Proposal Would Maintain Unauthorized Scope for Chiropractors
By David Doolittle

Accupuncture_Needle

The Texas Medical Association strongly opposes proposed new state rules that would continue to allow chiropractors to practice acupuncture and to perform other procedures and services outside the scope of practice for chiropratic.

“In short, the Texas Board of Chiropractic Examiners (TBCE) has no authority to authorize its licensees to practice acupuncture because practicing acupuncture and treating the nervous system is outside of a chiropractor’s scope of practice as determined by the Texas Legislature,” TMA wrote in a letter to the TBCE.

The proposed rules, published in the July 20 edition of the Texas Register, authorize chiropractors to use acupuncture and related methods, including lasers and needles, to diagnose and treat a patient by stimulating points on or within the musculoskeletal and nervous systems.

TMA’s letter reminds the TBCE that Texas law limits chiropractors’ scope to “analyzing, examining or evaluating the biomechanical condition of the spine or musculoskeletal system, and to performing certain procedures…. Nothing in the act authorizes a chiropractor to analyze or simulate the nervous system or to perform acupuncture.”

Under the rules, proposed chiropractors also would:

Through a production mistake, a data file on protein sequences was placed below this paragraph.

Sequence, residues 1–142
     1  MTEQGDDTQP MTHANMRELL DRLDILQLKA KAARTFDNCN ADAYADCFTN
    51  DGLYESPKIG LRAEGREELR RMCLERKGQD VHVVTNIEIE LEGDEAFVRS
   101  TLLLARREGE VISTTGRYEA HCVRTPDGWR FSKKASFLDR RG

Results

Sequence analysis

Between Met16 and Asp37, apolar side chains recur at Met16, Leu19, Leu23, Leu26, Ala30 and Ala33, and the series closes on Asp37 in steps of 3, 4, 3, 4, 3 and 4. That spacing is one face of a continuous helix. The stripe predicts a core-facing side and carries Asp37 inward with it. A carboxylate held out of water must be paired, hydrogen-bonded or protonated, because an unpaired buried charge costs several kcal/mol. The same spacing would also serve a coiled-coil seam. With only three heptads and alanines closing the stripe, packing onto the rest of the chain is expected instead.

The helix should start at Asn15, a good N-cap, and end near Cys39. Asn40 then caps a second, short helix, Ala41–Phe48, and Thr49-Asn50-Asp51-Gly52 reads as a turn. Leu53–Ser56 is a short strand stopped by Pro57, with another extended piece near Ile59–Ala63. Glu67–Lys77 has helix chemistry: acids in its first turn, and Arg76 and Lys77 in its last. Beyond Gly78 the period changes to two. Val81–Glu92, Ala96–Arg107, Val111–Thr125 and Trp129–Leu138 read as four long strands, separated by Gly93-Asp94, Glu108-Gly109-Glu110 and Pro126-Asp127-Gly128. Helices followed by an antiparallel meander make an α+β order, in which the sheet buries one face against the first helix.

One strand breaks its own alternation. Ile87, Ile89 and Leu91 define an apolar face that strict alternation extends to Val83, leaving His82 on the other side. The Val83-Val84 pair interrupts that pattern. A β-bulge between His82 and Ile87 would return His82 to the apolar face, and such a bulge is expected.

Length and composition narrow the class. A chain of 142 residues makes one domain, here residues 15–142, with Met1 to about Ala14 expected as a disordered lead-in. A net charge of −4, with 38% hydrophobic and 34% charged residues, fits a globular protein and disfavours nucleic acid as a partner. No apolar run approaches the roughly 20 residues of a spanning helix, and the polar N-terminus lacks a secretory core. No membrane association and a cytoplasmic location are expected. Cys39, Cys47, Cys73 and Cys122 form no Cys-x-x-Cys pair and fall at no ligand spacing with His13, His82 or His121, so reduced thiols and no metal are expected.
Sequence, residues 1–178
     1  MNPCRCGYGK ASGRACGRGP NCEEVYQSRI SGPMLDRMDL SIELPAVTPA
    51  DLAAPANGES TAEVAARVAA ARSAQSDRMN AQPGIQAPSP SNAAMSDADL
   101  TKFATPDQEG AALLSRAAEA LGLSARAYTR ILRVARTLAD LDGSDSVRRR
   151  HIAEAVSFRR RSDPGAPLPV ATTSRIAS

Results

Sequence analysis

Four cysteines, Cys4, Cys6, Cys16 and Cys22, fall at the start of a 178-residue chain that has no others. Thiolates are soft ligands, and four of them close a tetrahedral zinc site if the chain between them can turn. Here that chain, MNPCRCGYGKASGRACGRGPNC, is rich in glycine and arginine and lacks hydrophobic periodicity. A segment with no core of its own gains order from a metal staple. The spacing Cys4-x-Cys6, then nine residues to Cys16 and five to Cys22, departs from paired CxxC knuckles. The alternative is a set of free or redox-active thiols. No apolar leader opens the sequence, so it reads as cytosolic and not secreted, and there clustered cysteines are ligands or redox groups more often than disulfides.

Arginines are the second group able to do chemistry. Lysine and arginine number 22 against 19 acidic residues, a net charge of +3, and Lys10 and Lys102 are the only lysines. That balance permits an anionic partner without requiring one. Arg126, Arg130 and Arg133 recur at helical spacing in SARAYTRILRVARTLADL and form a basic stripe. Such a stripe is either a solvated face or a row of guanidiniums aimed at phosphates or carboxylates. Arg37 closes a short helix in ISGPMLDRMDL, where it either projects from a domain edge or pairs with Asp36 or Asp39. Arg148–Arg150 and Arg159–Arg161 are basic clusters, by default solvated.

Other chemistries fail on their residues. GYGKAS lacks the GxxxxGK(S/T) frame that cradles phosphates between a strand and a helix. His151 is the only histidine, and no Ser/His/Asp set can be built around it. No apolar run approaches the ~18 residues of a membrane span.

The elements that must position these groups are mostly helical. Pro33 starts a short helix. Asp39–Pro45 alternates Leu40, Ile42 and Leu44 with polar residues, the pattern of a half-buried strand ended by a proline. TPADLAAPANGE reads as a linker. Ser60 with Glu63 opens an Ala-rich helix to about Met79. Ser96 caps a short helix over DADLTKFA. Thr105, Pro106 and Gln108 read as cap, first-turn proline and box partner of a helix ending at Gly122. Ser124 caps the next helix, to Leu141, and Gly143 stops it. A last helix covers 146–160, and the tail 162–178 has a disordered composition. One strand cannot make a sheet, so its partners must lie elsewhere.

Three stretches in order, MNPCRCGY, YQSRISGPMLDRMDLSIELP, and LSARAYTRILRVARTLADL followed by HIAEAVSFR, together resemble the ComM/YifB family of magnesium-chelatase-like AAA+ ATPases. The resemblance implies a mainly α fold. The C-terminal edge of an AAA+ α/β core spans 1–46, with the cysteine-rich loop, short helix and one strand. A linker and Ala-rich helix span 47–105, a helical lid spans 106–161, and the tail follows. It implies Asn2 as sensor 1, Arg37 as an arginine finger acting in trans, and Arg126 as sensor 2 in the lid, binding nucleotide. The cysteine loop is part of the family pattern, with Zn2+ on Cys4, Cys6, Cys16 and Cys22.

• No longer have to pass a national standardized certification exam in acupuncture in order to perform acupuncture;
  • Be able to refer to themselves as “Board Certified in Acupuncture as an adjunctive modality by the Texas Board of Chiropractic Examiners”; and
  • Be authorized to “provide for patients' use of herbal supplements or remedies, homeopathic remedies and compounds, and nutritional supplements, including vitamins and minerals.” 

The rules would also allow chiropractors to become licensed in acupuncture after receiving as few as 200 hours of training, instead of the 1,800 instructional hours an acupuncturist must receive. Chiropractors would need to complete a minimum of eight hours of continuing education in acupuncture every two years. Currently, licensed acupuncturists must complete 17 hours every year.

“Patients will be receiving services from professionals who have far less education and training than properly licensed acupuncturists,” TMA said in its letter.

TMA’s letter echoes a friend-of-the-court brief TMA filed in a 2015 lawsuit between the TBCE and the Texas Association of Acupuncture and Oriental Medicine.


Last Updated On

August 21, 2018

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David Doolittle

Editor

(512) 370-1385

Dave Doolittle is editor of Texas Medicine and Texas Medicine Today. Dave grew up in Austin, where he attended culinary school as well as the University of Texas. He spent years covering Central Texas for the Austin American-Statesman newspaper. He is the father of two girls, a proud Longhorn, and an avid motorsports fan.

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